The complexity of the decoration at Cairnbaan varies between outcrops. Carved motifs include:
- cups and cup and ring marks on all outcrops
- deep grooves on the eastern group
- conjoined multiple-ringed cups in the western group
- a broad, shallow cup with a single ring and a series of rays in the western group
The Cairnbaan carvings are characterised by the deeply carved channels or gutters running from cup-marks through rings, or wandering across the rock-face. Similar carvings appear at nearby Kilmichael Glassary.
What do the symbols mean?
We can only speculate about the meanings Kilmartin Glen’s Neolithic inhabitants attached to these markings. The carvings are abstract and contain no animal or human figures.
It’s been argued that the rock art should be regarded as a series of messages with meanings dependent on their landscape. Complex carvings, like those at Cairnbaan usually occur near lowland sites, while carvings on higher ground tend to be more simple.
A prehistoric landscape
A rich prehistoric landscape survives in Kilmartin Glen, providing a tantalising insight into its prehistoric population. The surviving rock art along the glen is remarkable for the number of elaborately carved outcrops, the style of and extent of the carvings, and their close association with other prehistoric monuments. No other place in Scotland has such a concentration of prehistoric carved stone surfaces, and Neolithic and Bronze Age monuments.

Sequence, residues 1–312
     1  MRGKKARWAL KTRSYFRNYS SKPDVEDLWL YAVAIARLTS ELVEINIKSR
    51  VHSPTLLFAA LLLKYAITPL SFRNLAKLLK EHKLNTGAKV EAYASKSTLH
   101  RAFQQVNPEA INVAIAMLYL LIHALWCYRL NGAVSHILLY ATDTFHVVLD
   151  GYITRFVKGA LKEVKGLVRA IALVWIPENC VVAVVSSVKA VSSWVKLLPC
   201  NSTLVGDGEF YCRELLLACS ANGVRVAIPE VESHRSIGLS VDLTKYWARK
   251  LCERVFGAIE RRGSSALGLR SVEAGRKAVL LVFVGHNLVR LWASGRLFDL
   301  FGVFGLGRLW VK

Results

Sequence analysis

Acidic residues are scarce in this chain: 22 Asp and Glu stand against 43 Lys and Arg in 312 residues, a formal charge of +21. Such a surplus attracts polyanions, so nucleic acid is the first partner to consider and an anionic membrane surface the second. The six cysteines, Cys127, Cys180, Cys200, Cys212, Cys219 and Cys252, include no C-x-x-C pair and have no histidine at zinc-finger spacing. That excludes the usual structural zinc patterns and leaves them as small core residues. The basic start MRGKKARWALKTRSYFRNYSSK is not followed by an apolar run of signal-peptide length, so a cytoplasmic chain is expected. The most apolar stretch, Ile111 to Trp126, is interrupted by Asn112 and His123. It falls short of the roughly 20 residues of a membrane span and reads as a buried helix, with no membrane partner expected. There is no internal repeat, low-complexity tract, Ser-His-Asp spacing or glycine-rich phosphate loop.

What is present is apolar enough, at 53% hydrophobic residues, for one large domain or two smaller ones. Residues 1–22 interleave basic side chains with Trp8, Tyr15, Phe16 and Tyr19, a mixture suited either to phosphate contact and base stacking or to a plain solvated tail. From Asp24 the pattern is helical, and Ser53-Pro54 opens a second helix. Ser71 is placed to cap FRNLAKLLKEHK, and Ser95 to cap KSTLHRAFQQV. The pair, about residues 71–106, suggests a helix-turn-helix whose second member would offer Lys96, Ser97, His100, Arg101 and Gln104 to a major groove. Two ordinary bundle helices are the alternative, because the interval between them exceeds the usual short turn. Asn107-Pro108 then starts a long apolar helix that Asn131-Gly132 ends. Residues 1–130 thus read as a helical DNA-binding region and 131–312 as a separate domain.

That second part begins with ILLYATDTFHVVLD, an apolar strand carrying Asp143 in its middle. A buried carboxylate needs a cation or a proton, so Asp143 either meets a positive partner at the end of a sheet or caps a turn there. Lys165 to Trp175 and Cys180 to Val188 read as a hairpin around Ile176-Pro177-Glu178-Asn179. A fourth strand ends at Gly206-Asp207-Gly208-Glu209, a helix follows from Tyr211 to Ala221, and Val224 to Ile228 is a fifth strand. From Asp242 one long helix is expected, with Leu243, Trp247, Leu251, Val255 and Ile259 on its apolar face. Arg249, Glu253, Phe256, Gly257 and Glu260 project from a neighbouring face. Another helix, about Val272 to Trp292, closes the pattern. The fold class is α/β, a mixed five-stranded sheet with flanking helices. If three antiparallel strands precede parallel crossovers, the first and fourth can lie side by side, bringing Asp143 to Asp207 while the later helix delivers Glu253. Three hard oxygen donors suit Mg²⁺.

Other carved rock outcrops around Kilmartin Glen include:
Other monuments include:
- Dunadd Hill Fort
- Dunchraigaig Cairn
- Glebe Cairn
- Nether Largie North Cairn
- Nether Largie Mid Cairn
- Nether Largie South Cairn
- Ri-Cruin Cairn
- Temple Wood Stone Circle
The glen is also home to an important collection of medieval sculptured stones.